Feb. 19, 2017
Headline: Two rockets from Sinai explode in southern Israel; none hurt
Two rockets launched from the Sinai Peninsula exploded in southern Israel's Eshkol Regional Council on Monday morning, the IDF reported. No air raid sirens were activated in the area as the projectiles were headed toward open territory, a military source added. There were no reports of injury or damage in the incident. Monday's rocket attack came the day after Islamic State-linked media claimed that an unmanned Israeli drone had bombed and killed four members of ISIS in Egypt in the northern Sinai region. According to the Islamic State linked Amaq agency, the four “fell as martyrs to the Jewish enemy” in a strike which targeted a car carrying the militants in the village of Shibana located south of the town Rafah. Earlier this month the group claimed responsibility for a rocket barrage fired from the Sinai towards Israel's Red Sea resort of city of Eilat. The Iron Dome missile system intercepted three projectiles while a fourth landed in open territory.
Feb. 20, 2017
Headline: Report: ISIS branch in the Golan takes control of additional areas in the vicinity of the Israeli border
The ISIS branch in the Golan has expanded its control in the coastal region of the Yarmuch, which is in the tri-border area of Israel, Syria and Jordan. According to the report by the Amaq News Agency, which is identified with the terror organization, the Khalid ibn al-Walid army attacked the rebel factions in the area and captured four more villages and a strategically located hill in the south of the Golan.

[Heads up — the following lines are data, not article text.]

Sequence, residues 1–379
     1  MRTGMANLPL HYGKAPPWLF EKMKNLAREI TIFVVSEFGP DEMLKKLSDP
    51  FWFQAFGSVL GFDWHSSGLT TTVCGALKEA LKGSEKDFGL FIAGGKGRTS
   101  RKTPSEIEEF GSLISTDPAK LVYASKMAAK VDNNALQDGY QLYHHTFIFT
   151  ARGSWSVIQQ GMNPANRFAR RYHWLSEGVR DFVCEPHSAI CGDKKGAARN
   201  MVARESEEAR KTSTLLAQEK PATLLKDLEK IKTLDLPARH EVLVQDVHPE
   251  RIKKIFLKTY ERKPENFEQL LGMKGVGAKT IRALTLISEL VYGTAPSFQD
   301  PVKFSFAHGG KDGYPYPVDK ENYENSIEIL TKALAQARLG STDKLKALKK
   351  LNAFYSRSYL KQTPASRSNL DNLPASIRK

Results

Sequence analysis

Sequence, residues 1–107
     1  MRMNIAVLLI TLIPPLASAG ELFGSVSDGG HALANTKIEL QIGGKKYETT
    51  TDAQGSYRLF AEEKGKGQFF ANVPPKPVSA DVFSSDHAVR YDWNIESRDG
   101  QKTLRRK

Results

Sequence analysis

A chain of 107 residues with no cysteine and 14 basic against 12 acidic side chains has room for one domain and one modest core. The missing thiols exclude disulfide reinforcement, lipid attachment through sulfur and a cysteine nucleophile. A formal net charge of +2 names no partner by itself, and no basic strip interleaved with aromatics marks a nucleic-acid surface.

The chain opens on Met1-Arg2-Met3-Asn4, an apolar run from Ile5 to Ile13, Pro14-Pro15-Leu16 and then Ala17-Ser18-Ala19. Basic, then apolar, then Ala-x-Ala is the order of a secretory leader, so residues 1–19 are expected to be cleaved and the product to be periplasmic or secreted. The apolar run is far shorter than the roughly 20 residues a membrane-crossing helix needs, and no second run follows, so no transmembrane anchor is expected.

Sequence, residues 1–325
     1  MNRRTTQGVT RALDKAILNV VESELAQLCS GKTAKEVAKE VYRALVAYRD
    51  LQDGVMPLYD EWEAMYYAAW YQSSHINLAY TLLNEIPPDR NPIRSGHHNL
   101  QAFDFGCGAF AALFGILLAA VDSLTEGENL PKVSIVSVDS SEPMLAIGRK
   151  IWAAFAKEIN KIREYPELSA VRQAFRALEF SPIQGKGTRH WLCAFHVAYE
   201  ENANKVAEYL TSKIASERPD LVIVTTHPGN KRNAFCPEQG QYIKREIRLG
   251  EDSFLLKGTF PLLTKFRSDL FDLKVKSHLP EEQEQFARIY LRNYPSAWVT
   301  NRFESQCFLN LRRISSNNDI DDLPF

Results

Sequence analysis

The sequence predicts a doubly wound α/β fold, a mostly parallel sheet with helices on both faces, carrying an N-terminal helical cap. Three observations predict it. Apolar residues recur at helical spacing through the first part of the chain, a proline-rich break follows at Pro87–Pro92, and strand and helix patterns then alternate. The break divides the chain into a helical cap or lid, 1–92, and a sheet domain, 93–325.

Feb. 20, 2017
Headline: 'Hezbollah might have game-changing naval missiles'
Western intelligence agencies have expressed "grave concerns" that Hezbollah has been able to obtain strategic naval weapons that could change the balance of power in the Middle East. Despite great efforts attributed to Israel over the past five years to prevent Hezbollah from getting its hands on such weapons, the Lebanese terror organization is believed to have been able to smuggle into Lebanon a certain amount—likely no more than eight—of P-800 Onyx missiles, also known in export markets as Yakhont. The information, which was passed among several intelligence agencies, is based on what was defined as "highly reliable sources." The Russian supersonic anti-ship cruise missile is regarded as the naval equivalent of the antiaircraft S-300 and is considered the best of its kind in the world. It can be fired from the shore and has a range of up to 300 kilometers. There is no known electronic defense system that could deal with it or intercept it. According to Israeli intelligence officials, Hezbollah could use the Onyx missiles to significantly threaten the Israeli Navy, the US Sixth Fleet and civilian vessels in the Mediterranean, as well as Israel's newly built oil and gas rigs. Feb. 17, 2017